AS Honolulu looks to its future I see three visionary projects as our top priorities to achieve in the next 10 years.
Three ideas to
They should be a lot less divisive than the long fight to build H-3 -- a winner -- but won't be achieved easily.
Recently, we have done well with beautifying the Kuhio Beach Park area and the promenade along the Ala Wai in Waikiki. Prior to that, the redevelopment of the Fort DeRussy open space vastly enhanced Waikiki's attractiveness.
We now should focus on three projects that will further upgrade Honolulu for both residents and visitors:
It is good news that banker Walter Dods will lead a fund-raising effort for a world-class aquarium at the entrance to Kewalo Basin.
Bruce Carlson at the present small aquarium in Waikiki envisions a structure as dramatic in its way as Sydney Opera House -- with the actual design still to be decided. The nation's current leading aquariums are in Boston, Baltimore and on the shore of Monterey Bay, Calif. Monterey incorporates its bay marine life into its displays.
We can do something none of the others can do in displaying tropical fish, some of the most colorful of all. Our naturally warm waters make it possible and give even our present small aquarium a special edge over others elsewhere.
Turning the present Ala Wai Golf Course into a public park is one of Governor Cayetano's focuses for his final two years in office. Exact details are still to be envisioned and designed but -- and here I dissent from the editorial position of the Star-Bulletin -- the area can supplement Kapiolani Park and Fort DeRussy in making Waikiki and Honolulu far more livable. If we do it, future generations will be in debt to us just as we today are in debt to King Kalakaua for establishing Kapiolani Park.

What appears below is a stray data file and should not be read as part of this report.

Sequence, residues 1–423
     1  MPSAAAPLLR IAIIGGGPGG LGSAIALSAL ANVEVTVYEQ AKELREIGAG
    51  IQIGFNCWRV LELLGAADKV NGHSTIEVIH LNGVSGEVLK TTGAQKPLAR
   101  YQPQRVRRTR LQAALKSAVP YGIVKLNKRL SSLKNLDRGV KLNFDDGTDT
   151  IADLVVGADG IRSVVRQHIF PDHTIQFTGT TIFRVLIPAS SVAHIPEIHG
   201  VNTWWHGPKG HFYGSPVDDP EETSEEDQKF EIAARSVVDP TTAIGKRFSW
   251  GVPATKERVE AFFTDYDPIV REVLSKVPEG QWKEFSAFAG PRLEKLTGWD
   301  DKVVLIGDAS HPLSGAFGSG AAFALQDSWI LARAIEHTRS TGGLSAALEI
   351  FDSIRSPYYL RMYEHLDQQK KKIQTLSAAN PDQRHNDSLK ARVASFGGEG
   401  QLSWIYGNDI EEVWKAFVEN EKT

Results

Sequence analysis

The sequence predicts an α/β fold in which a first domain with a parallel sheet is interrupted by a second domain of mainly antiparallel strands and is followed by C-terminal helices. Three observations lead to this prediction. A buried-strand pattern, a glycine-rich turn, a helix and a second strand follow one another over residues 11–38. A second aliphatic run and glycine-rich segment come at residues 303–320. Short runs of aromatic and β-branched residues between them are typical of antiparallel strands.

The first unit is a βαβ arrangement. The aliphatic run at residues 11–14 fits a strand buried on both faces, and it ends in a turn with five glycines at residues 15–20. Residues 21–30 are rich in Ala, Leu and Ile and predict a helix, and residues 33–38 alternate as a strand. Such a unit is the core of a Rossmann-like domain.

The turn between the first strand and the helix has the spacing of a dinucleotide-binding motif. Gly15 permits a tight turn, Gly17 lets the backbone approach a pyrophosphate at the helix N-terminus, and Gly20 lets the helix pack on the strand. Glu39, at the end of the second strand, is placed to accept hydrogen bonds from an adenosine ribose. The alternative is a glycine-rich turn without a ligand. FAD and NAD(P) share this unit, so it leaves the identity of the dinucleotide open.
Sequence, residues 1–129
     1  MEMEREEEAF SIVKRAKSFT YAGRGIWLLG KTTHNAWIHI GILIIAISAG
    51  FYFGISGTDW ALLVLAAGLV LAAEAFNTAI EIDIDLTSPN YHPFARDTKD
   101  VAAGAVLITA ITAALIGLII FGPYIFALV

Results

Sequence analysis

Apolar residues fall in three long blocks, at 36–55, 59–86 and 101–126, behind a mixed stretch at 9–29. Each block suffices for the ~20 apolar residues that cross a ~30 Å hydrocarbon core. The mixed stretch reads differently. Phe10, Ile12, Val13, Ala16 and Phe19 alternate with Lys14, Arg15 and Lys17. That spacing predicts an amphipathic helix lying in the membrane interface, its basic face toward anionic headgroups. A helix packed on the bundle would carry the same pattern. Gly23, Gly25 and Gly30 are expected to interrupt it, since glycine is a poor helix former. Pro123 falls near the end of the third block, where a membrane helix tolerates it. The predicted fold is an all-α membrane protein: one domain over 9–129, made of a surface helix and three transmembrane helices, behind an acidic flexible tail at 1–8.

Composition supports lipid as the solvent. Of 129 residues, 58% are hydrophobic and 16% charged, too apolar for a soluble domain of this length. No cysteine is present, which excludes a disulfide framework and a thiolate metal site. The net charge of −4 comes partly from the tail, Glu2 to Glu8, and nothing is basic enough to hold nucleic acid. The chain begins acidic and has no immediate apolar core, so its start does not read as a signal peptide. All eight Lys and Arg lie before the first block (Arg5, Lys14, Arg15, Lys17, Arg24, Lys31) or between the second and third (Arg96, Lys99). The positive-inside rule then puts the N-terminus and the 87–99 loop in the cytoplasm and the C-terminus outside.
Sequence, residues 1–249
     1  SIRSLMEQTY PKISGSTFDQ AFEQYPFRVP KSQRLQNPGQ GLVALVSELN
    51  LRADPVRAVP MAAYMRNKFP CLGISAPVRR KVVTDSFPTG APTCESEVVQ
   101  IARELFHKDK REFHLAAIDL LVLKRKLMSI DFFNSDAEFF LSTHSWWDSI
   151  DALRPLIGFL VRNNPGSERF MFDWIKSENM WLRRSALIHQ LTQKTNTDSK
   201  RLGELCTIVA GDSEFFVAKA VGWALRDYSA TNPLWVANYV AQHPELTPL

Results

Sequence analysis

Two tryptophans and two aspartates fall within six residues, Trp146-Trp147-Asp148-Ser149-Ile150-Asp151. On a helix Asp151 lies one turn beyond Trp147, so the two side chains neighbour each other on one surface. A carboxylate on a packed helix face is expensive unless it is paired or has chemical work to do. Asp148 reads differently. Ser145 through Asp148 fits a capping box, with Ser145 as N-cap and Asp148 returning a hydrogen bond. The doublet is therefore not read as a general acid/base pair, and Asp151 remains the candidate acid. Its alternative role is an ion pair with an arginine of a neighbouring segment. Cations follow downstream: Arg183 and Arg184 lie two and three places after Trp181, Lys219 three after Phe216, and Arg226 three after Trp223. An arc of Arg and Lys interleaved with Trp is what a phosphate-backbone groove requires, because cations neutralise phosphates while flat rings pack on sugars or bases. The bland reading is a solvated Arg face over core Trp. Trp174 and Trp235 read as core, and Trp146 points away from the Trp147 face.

The golfers who now use the course can be relocated to the open spaces of Sand Island where they surely can find happiness once their grumpiness over relocation has run its course.
Sand Island, with the golf course adding to its green open space, also should be the site of an attractive shoreline highway bypassing the Iwilei industrial area between Honolulu International Airport and downtown.
It will require a tunnel under the entrance to Honolulu Harbor but the numbers have been run to show this is affordable using fascinating new tunnel construction techniques.
The tunnel would be built ashore, in part resembling giant cinder bricks, sunk into place segment by segment and ultimately pumped dry.
EFFORTS to save a few bucks by locating the highway through central Sand Island should be scrapped in favor of bordering the long park on the coast of Sand Island for maximum beauty.
We already have a first-rate downtown area with an unbelievable collection of assets -- Iolani Palace, the historic Judiciary Building, our uniquely open State Capitol, the Honolulu municipal complex, Kawaiahao Church, the downtown commercial area and high rises, Chinatown, Aloha Tower Marketplace plus the cruise piers where the world's biggest ships pull up.
All this lies in front of a beautiful mountain backdrop and amid mostly congenial weather!
Much of the waterfront already is shifted into parks and away from non-marine industrial use. A Sand Island oil refinery mercifully was nixed and relocated to Barbers Point.
The vision and determination to achieve the above three projects can make Oahu a still more congenial and beautiful place. Let's go for it.
A.A. Smyser is the contributing editor
and former editor of the the Star-Bulletin
His column runs Tuesday and Thursday.